The Half-Marathon Plan: Daniels’ Running Formula

My newest goal of running a half marathon will take a little while to achieve. I would like to do one in June or July of next year. That gives me 7-8 months to train myself to that point of fitness.

When I mentioned to israel that I wanted to run a half marathon next, he said I should do some more shorter races first. Since the half I want to do isn’t until next summer, I have plenty if time to fit it some shorter races along the way! I’m excited to work towards this distance.

Israel is a crazy runner. He runs 10+ miles at a time, is super quick, and has run for more than half his life. He is my live-in coach ;). I showed him a training plan for a half in a book that I’d been reading. He thought that plan was a recipe for injuries and instead set me up with a book with a plan that has very few injury potentials if used correctly. It is Daniels’ Running Formula by Jack Daniels, PhD.

It has a really exciting science based view on training that just makes sense. Each phase of the training program and every run are designed to specifically train certain systems in your body. And every run has a specific pace for those same reasons!

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Until I started this book I had been doing all my runs at basically the same fast-as-I-can-go-without-feeling-like-I’m-dying pace. I was shocked to find out I had been running all my runs too fast to do any good! I had been running basically empty miles. Of course my physical fitness had improved somewhat with running, but only from basic exertion and not anything that will help me attain higher levels of fitness in the long run.

After finishing some evaluations in the book I found my proper paces. These paces take into account my current fitness levels according to various time-based achievements in various distances. Using charts and formulas in the book my 26:08 5K, 17:16 2 mile, 8 min mile, 3:51 half miles, and 39s 1/10 mile to figure out my VDOT of 37. Which gave me the paces I will use for the next couple months until I either run a race and get a faster time that might change my placement or do a time trial for the same reason.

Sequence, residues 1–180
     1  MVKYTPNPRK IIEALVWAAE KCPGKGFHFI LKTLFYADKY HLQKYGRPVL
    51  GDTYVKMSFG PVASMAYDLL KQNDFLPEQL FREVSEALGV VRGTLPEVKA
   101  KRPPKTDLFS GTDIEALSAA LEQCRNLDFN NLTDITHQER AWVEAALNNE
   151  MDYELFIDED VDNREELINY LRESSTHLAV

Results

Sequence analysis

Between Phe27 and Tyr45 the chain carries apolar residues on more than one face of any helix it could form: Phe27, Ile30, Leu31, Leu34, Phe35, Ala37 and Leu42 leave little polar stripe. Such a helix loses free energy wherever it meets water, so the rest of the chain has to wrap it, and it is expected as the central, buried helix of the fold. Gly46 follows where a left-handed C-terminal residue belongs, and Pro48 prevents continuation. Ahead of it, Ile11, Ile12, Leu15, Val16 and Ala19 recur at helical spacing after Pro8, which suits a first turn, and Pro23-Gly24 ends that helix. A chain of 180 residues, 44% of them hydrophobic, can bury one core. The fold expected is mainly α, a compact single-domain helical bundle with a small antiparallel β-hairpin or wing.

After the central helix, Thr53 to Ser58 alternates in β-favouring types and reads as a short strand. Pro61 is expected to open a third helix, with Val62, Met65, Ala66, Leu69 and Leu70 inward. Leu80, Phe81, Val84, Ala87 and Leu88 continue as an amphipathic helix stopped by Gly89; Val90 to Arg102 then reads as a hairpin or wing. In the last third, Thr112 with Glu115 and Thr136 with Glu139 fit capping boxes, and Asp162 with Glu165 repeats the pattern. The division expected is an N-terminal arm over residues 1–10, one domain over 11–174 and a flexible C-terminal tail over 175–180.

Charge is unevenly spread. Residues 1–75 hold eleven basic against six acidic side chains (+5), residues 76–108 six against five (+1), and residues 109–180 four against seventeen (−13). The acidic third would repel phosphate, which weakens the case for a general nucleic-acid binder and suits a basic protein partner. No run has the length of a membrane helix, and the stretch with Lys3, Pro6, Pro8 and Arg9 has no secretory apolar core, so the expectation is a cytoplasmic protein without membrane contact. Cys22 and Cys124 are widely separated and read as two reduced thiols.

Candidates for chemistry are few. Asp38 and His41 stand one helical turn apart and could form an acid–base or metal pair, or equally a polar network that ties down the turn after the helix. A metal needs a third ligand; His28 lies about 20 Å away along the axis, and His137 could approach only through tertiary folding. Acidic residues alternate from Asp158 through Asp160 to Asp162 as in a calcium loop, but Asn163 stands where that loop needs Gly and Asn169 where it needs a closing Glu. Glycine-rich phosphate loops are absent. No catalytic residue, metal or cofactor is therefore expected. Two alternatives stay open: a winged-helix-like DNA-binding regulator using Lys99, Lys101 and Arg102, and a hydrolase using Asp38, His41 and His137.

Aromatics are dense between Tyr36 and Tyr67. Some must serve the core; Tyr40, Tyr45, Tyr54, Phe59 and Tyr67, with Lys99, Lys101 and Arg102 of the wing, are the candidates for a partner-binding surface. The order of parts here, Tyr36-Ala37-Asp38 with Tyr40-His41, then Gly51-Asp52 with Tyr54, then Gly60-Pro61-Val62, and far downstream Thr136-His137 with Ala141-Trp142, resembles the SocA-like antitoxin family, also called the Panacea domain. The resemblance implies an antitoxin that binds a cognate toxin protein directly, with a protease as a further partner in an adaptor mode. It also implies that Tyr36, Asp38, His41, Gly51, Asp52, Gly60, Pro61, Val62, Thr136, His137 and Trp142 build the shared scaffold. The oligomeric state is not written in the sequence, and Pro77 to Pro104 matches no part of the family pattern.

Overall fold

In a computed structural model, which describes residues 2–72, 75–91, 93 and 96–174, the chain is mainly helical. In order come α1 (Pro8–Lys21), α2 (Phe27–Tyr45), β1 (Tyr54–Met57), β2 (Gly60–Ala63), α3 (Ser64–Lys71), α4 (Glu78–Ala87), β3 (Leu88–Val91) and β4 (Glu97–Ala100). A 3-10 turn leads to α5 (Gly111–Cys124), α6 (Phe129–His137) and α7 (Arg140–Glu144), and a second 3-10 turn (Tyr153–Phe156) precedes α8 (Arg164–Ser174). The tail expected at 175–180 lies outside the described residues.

Either way I have been happily running a 10 something pace and i’ve been happy with how it makes me feel more positively while running. And, long runs aren’t so bad now :)

My new paces:

  • Easy and Long runs – (E/L) – are used for base building, recovery, and getting mileage in. They are supposed to feel actually easy, believe it or not! Long runs are about 25-30% of weekly mileage and easy runs are generally at least 30 minutes (unless you’re like me and just gradually building up from a base of 20 minute runs!) My pace is now 10:14/mile and it is a lovely thing.
  • Marathon Pace – (MP) – is like it sounds and is specifically for marathoners getting used to their pace. Mine is 9:08/mile.
  • Tempo (T) – are quicker runs or longer intervals designed to shift your lactate acid threshold to correspond with faster paces of running. 400m 2:07, 800m 5:19, mile 8:33
  • Intervals (I) – increase aerobic capacity and improve speed. 400m 1:56, 1000m 4:54 (7:48/mile)
  • Repetitions (R) – improve speed and economize form. 200m 54s, 400m 1:50. (7:20/mile)

In the Daniels' running formula there are 4 main phases of training: foundation/injury prevention, early quality training, transition quality training, and final quality training. Daniels suggests spending about 6 weeks on each phase.

I started the first phase (F/I) a few weeks ago. It is pretty straightforward: long runs, easy runs and some strides while gradually building up mileage. I'm planning on staying in this phase for about 12 weeks since I have time and I'd like to build my mileage from 10 to 25 miles/week.

The suggested rate for increasing training intensity is every three weeks. So my plan for the last 3 and next 9 weeks is as follows:

Foundation/Injury Prevention

  • Weeks 1-3 (11/4-11/24) – 10 mi, easy runs, 10:xx/mile
  • Weeks 4-6 (11/25-12/15) – 13-15 mi, 1 long + easy runs, 10:xx/mile
  • Weeks 7-9 (12/16/12-1/5/13) – 18-20 mi, 1 long, 4-5 easy runs and strides, 10/xx/mile
  • Weeks 10-12 (1/6-1/26) – 23-25 mi, 1 long,4-5 easy, and strides.

If I have trouble with that much increase in mileage I will, of course, slow down the rate to avoid injury.

Come January I’ll update you on the specifics of the next phases of training :)

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Hopefully this will give me a strong base to go on to the next phases of training at the end of January and a half-marathon!
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Updated: A year or so later, I am finally making it to my goal of a half marathon (going for May of this year- 2014)! In honor of this being my most googled post I’ve updated the post with links to my training plans for each phase to give you a better idea of how this plan works for half marathoners. I hope it helps you reach your goals!

Buy the book on Amazon here: Daniels’ Running Formula

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